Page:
The sunlit sea that has been made to appear night after night on the stage of the Royal Theater here is in sharp contrast to the perpetually gloomy skies outside. But the weather has not deterred tourists from around the world who came to Denmark last week to enjoy the genial ballets of August Bournonville (1805-1879).

Almost all his remembered works are bing performed by the brightest young dancers and the grandest old mimes the Royal Danish Ballet can muster, in a week-long festival that celebrates the centennial of his death on Nov. 30. The past week has revealed the lasting influence Bournonville had on Danish style in all the arts (for he was a painter and poet as well as ballet master) and his choreography's vitality and his techniques' utility to audiences and dancers abroad.

Tickets to festival performances, at a $10 top, were a bargain. But the Royal Theater is small by opera-house standards and the foreign advance sales were big, so many Danes have been unable to obtain seats. While they grumbled at first, their curiosity, pride and superb manners soon combined to made strangers feel welcome. And after all, this year the Bournonville repertoire will be scattered throughout the Royal Danish Ballet's regular season.

Attending a regular Bournonville performance on Nov. 23, the night before the festival opened, was like being invited into a Danish home. Queen Margarete II and her children were in the royal box, and the audience behaved as if among good friends. The dancing was relaxed, virtuosity was casually displayed, and the applause was like the warm handshake.

On festival nights, the atmosphere was charged. The dancing became more pungent than mellow, waves of synchronous clapping filled the theater after the final curtain, and throughout one was aware of stars on both sides of the footlights. Yvette Chauvire entering the foyer in furs and jewels was a fabulous apparition.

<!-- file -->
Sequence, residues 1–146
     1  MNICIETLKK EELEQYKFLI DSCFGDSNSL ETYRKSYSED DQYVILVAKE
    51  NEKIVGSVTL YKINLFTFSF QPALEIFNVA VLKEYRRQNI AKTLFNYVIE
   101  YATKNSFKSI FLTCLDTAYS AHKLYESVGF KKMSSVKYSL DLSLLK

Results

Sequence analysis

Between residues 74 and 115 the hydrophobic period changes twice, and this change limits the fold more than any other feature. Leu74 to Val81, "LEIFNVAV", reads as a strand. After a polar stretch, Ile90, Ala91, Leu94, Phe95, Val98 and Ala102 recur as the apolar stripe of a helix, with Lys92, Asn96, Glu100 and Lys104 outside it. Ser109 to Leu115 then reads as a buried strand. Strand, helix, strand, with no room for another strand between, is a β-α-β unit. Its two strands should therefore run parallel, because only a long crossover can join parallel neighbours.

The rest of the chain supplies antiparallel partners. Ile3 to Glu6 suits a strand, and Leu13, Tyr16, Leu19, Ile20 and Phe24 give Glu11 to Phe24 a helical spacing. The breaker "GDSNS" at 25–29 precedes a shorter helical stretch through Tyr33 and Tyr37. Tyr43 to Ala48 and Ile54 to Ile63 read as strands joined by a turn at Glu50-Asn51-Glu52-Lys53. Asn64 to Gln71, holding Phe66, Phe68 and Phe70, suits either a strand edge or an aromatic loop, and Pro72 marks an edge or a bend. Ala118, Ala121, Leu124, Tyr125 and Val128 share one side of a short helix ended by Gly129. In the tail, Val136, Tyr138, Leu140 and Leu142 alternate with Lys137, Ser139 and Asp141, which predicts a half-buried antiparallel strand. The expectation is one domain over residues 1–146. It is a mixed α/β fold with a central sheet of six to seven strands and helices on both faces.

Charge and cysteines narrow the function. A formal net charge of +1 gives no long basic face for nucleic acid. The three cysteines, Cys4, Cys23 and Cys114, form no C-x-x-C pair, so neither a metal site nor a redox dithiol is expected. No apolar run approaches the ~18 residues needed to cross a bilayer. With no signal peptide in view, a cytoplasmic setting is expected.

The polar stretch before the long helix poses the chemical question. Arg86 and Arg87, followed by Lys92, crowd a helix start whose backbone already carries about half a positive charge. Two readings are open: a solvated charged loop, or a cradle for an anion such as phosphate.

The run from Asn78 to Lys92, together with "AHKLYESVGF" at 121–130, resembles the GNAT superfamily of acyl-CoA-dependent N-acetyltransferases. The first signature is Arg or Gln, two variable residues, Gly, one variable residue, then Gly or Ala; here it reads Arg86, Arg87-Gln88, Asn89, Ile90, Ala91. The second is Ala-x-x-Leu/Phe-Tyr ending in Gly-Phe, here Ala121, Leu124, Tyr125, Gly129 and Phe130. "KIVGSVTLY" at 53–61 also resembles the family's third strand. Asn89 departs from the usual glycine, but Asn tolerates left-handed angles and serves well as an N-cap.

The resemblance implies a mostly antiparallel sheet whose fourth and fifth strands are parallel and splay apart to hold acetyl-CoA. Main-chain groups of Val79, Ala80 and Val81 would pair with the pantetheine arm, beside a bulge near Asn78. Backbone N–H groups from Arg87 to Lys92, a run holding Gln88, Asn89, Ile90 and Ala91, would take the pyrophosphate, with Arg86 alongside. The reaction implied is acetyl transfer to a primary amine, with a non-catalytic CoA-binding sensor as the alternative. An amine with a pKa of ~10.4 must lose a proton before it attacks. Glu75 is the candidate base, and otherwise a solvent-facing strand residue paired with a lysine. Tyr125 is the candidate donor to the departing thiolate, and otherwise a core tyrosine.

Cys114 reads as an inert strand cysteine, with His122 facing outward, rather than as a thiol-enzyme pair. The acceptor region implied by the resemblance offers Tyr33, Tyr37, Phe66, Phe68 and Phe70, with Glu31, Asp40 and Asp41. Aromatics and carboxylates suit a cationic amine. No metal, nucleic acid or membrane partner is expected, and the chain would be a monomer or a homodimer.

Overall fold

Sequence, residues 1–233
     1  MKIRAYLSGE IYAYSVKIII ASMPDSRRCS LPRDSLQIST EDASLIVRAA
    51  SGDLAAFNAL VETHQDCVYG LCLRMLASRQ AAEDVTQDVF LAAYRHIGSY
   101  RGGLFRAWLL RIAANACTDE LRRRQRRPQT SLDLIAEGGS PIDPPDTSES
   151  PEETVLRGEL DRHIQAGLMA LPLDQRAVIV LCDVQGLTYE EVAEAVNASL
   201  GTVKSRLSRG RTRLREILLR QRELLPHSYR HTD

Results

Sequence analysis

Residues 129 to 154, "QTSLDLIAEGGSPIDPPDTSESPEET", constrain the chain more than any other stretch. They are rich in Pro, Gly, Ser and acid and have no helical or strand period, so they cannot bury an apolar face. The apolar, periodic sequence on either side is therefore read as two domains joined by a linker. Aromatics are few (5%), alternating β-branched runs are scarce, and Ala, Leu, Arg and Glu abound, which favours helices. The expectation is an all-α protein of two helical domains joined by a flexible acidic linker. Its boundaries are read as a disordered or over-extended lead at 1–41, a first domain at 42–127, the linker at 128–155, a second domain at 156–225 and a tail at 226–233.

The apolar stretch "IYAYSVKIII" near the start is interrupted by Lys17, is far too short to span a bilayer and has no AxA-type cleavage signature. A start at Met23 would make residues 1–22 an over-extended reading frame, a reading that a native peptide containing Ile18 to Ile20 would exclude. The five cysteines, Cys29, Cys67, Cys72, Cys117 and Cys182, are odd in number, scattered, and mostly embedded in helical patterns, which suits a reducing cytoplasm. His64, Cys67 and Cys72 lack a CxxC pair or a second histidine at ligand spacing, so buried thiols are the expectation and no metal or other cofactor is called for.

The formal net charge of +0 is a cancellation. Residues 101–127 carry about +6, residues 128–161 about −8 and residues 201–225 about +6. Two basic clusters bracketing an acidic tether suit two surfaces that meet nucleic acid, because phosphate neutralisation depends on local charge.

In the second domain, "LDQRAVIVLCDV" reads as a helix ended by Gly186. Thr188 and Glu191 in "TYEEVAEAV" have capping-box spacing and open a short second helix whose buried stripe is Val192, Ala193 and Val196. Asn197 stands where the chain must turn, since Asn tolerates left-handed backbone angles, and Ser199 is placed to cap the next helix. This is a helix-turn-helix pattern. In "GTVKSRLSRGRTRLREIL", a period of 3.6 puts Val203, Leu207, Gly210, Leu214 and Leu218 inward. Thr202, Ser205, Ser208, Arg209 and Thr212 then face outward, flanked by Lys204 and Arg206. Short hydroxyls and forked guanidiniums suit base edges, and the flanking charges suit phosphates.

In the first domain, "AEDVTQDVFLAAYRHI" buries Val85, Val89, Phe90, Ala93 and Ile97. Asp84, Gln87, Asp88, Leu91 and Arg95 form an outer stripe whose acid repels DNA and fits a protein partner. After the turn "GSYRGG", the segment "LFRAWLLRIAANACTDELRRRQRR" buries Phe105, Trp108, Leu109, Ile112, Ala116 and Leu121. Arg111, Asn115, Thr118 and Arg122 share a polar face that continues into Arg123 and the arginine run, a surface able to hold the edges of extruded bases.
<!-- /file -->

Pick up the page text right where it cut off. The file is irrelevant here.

An American man commented, "She must be famous." His lady replied, "She must be French." Nicknamed "la Chauvire Nationale," she was indeed the greatest of Parisian ballerinas during the de Gaulle years.

Galina Ulanova, Russia's prime ballerine of the Stalin era, was quietly dressed but seems to be wearing the empty space that forms around her in the crowd. Britain's octogenarian Marie Rambert, America's Robert Joffrey, Austria's Gerhard Brunner and such Ballets Russes emeriti as Serge Lifar and Marcel Luipart are here among the official or self-appointed dance representatives and diplomats from over 20 nations.

In such an assemblage, international politics and Terpsichore occasionally intrude on conversation, but the 10th muse, Gossip, really rules. Was Ulanova amused or not by Warhol's Mao portrait when she toured the museum? Is the New York City Ballet being cool to Baryhsnikov's request to rejoin the company in spring because the management has higher hopes for its latest Danish acquisition, young Ib Andersen of the brilliant footwork and bold line? Will Andersen's chief rival here, the velvety Arne Villumsen, also leave, for foreign plaudits? Will the Joffrey Ballet replace the locked-out American Ballet Theatre dancers at Kennedy Center in spring? (Robert Joffrey says no.)

The effect of seeing Bournonville's ballets on their home ground, night after night, is cumulative -- a comfortable exhilaration that grows and grows.

Most visitors here knew already that the Bournonville shown abroad consists of dance plums plucked from his pantomimic puddings.It is good to report that the dancing doesn't suffer on being excerpted, and that the mime could almost hold an audience on its own. The small size and horseshoe shape of the Royal Theater helped: No seat is really far away.

Undoubtedly, the limits imposed on choreography by this fairly narrow stage led Bournonville to avoid long lines of performers that sail forth so impressively in Russian ballets. Instead, he developed step variety, ingenious linkages, weather-vane changes of direction and bounce.

Such dancing, of course, is predominantly sunny; and together with the picturesque locale and bandstand music it serves as a tonic against Denmark's long dark winters. Shadows do fall across the story lines of Bournonville's domestic, folktale and political ballet. Sex, race and power pose problems for the characters. In the typically "Danish" pieces, however, the moral resolutions -- like hand clasps -- are astonishingly final and matter of fact.

To the words "not for pleasure alone" written above the Royal Theater proscenium, Bournonville's addendum might read, "Also for practicality."